Jacques Barzun on “envy and self-justification” way before social media (1969)

“If we could take an objective look at the amount of talk in our society which amounts merely to self-praise, we would be appalled. It begins with individuals and goes on to institutions, to colleges and universities particularly. Every little group, every momentary or permanent establishment, feels the need to continually say what good work it is doing and to show other groups (which scarcely pay attention) that they are indispensable to the welfare of the whole.

The combination of envy and self-justification have dire consequences. It leads first to what might be called a biased self-analysis. What am I doing here? Why am I doing it? Have I done more in the first six months of this year than the first six months of the year before? How is that other outfit doing? These questions generate a self-consciousness which is just as bad as the intolerable shyness of an adolescent standing on one foot and now on the other, putting his fingers in his mouth and not knowing whether he wants to be there or underground.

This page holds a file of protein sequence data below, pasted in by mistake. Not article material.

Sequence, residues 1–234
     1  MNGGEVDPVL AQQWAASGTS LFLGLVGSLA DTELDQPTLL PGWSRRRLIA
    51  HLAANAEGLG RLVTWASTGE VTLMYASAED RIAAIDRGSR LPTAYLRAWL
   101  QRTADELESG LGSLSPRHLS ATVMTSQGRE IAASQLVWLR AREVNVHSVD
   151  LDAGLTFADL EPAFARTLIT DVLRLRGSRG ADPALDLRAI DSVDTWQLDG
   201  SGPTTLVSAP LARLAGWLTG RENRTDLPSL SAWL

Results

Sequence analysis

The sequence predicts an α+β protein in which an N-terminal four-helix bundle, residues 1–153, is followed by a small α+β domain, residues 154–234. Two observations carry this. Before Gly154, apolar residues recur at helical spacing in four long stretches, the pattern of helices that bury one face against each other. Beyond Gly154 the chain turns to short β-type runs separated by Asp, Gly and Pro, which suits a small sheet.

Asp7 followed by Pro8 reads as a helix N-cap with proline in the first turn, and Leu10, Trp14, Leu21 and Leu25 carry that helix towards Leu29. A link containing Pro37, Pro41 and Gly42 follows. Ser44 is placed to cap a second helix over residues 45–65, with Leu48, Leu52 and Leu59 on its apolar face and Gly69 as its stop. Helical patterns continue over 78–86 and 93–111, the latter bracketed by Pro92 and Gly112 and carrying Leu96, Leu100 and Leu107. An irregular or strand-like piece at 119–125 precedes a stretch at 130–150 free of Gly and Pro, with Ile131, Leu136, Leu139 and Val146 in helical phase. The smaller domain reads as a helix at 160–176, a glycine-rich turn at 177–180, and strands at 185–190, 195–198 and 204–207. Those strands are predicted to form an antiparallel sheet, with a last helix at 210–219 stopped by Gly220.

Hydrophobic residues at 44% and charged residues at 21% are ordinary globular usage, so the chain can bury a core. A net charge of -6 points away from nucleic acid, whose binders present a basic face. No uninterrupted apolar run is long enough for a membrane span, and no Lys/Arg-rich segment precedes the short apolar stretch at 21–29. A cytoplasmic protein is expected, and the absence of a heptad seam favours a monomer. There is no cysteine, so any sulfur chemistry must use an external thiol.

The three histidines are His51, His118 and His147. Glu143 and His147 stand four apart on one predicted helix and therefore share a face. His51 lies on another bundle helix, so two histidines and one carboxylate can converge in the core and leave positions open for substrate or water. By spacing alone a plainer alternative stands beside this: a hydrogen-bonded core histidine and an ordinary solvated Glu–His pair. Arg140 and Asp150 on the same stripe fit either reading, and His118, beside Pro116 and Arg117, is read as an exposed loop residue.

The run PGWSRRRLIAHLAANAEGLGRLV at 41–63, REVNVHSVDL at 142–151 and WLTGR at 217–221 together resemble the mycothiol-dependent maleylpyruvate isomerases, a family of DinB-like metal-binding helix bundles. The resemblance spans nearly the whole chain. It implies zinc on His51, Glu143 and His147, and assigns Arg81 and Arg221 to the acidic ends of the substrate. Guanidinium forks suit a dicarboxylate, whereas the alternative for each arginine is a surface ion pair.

Self-consciousness, in turn, is at the root of our alienation -the knowledge that reality has withdrawn, for the obvious reason that we are always thinking about ourselves, our place in the room, our place in the world or in the whole line of endeavor that we happen to pursue. We are not living, we are spectators at our life. Notice how it comes out in our talk, in the self-depreciation that matches and becomes as bad and automatic as the self-praise. The two are the two halves of what would be a real life lived.”

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